Welcome to the fifth of twenty six stories during the month of April
Welcome to… The Apartment Building
Patty would not give a straight answer even to the Pope, even if he were to ever visit her domain, Swan Rise Apartments. That being unlikely, Patty lied, hornswoggled, obfuscated, mislead, and evaded answering even the simplest question. She was Olympian in her confounding ways, as if she would run around the Seven Hills of Rome seven times before she’d even come close to a reply with even the most remote connection to what was asked. Patty rambled, went off on tangents, and you walked away from an encounter with her wanting a fast acting liquid gel capsule to rid yourself of the shooting headache pain.
Was it any wonder, then, that Patty became the head of the Tenants Committee?
Patty ruled with an iron glove. Improvements were made, and grievances were assuaged, but most wound up to have a benefit for Patty. If there was none, it was unlikely a problem would be solved.
Others in the building would try to confront her, but by the end of their conflagration the most just walked back to their apartments and locked the door. Some left, never to be heard from again.
Her second in command of all things was Mrs. Beatty. Awkward, wall flower, fearful Mrs. Beatty. She was the perfect accompaniment to Patty: what Patty said, went. Mrs. Beatty kept minutes at every tenant meeting, her head down, scribbling away all points Patty. Once the meeting was over, Mrs. Beatty beat a hasty retreat, running up the stairway while others milled about, seeking an audience of futility with Patty. Mrs. Beatty would unlock her door, scoot in, and firmly close it again, locking the two locks, place the dead bolt bar, and attach the door chain.
Mrs. Beatty would not answer her phone for two days after a tenants meeting.
The building management would try to be out to lunch, or at a meeting, when Patty came to call. She’d worm her way in, and normally bedazzle and bewilder the office staff. A few meetings where she did not get her way were headed by the management group’s lawyer; Dave was Patty’s match, and she left those meetings all turned around herself. Not a feeling she liked.
There was a project where Patty felt victorious: the complete refurbishment of the lobby! A new centerpiece planter oasis with faux waterfall, wrought iron to replace the shoddy railings in and outside of the lobby, new lighting, a new couch and wing back chairs, and her piece de resistance: having the walls re-mirrored.
Patty had a private meeting with the building owner, behind closed doors. Dave the lawyer was out of town for a week and Patty pounced. When all done, the owner thought he had a better showcase model for prospective new tenants, which he felt warranted raising the rents and fees. Dave agreed, in the end, as his hourly rate only enjoyed the fallout.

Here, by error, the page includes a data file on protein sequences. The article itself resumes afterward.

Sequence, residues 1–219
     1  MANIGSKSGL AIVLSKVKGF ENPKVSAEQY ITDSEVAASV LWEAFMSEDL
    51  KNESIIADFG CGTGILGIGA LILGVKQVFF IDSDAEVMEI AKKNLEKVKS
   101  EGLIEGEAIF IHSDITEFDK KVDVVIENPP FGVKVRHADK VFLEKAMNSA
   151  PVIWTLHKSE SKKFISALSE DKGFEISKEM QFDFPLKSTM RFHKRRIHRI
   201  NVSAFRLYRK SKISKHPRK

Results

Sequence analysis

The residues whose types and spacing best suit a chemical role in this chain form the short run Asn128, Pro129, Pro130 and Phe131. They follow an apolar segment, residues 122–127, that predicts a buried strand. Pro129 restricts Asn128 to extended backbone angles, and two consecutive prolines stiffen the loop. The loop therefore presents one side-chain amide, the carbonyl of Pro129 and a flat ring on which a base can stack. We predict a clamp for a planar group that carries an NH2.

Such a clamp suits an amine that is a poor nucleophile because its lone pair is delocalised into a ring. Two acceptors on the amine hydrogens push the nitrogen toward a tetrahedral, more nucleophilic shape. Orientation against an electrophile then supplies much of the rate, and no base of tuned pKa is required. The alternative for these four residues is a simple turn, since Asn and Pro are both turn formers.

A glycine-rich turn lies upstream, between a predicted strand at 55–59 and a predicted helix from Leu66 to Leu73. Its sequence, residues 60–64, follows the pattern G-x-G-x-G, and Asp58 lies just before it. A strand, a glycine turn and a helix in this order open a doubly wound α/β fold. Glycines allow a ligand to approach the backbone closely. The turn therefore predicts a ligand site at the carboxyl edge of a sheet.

The tenants balked at the raise and called Patty to hold an emergency meeting. Just about everyone in the building attended. The Weather Man didn’t, but he never did. The Whistler was dead, and was missed by a few. The Laundry Room Mafia put their seats in the front, as always, looking like the Tricoteuse, the knitting women who sat at the front of the guillotine executions during the French Revolution.
Mrs. Beatty took her seat behind and to the right of Patty. Her pen was poised over her legal pad when the meeting began, and six pages would be filled-front and back-by the time the tribunal was finished.
Patty deflected, ducked, weaved, side stepped, ricocheted back, and confused the massing with a deft hand. All the time, she kept one eye on the mirrors; her reflection sparkled, and she caught a twinkle in her own eyes every now and then. In the end, the other tenants didn’t realize that they accepted the increase. They trudged upstairs, went their own ways, and locked themselves in.
Mrs. Beatty had not immediately flown up to her hidey hole, as was her want. Her hand hurt from writing so much, and her legs and back creaked from sitting for so long. She was the next to last person in the lobby, the other one being Patty. They bid each other good night.
She wobbled up the three short steps to the landing that led to the elevator and the stairway. The side wall was also newly mirrored, and she caught a view of Patty that made her shudder.
Patty was smiling. Not a broad smile, but one of benediction and solemnity. She had her right hand raised and was rotating her hand by the wrist. Mrs. Beatty had seen the Queen of England do that same sort of movement, a royal wave, when her son married that princess. Mrs. Beatty took the stairs two at a time for a flight and a half, huffing and puffing until she got to her apartment and locked herself in.
Patty remained in the lobby until the dawn.